Breaking News: Health officials said today that they have found birds in the Chicago area to be infected by the West Nile Virus.
The birds were collected on June 8th and have tested positive today for the West Nile Virus.
According to an official statement from the Illinois Department of Public (IDPH), the birds were gathered from LaSalle and Sandwich counties.
The West Nile Virus is transmitted by infected mosquitoes or eating an infected bird.
Risk factors for developing a more severe form of West Nile virus include:
- Conditions that weaken the immune system, such as HIV, organ transplants, and recent chemotherapy
- Elderly people or young children
- West Nile virus may also be spread through blood transfusions and organ transplants. It is possible for an infected mother to spread the virus to her child through breast milk.
“Most people with the virus have no clinical symptoms of illness, but some may become ill three to 15 days after the bite of an infected mosquito,” the statement said. “Only about two people in 10 who are bitten by an infected mosquito will experience any illness.”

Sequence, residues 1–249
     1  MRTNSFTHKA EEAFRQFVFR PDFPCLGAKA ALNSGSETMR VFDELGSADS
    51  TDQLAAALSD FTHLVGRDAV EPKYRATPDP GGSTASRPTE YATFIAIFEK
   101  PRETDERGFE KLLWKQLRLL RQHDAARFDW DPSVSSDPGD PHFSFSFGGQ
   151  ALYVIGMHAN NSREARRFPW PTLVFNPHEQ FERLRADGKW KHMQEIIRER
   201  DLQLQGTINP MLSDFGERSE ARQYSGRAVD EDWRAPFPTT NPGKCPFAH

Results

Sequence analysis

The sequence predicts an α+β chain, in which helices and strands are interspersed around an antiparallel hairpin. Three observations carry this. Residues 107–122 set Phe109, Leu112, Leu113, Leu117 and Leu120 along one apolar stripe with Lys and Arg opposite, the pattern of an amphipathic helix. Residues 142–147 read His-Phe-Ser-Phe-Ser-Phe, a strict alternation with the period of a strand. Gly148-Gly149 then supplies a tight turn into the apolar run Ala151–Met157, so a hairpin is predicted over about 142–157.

Severe forms of disease are life threatening (called West Nile encephalitis or West Nile meningitis) depending on what part of the body is affected. There have been several documented cases of death from West Nile.
If the following symptoms occur you should seek immediate medical attention:
- Confusion or change in ability to think clearly
Loss of consciousness or coma
Weakness of one arm or leg
West Nile Virus is not only a risk to humans; it also poses a significant threat to cats and dogs.
According to the Division of Vector-Borne Infectious Diseases, there are no documented cases of transmission from cats or dogs to humans; however simply because there are no documented cases does not mean it doesn’t happen.
Human insect repellants such as “Off” are not approved for use on animals, according to The American Veterinary Medical Association.
At highest risk for getting sick from spraying insect repellants on animals are dogs. Dogs tend to ingest harmful agents by licking their fur.
The AVMA suggests speaking with a veterinarian for pet approved insect repellants.
Cats and dogs can also ingest insect repellants sprayed on human skin when they lovingly lick their owners.
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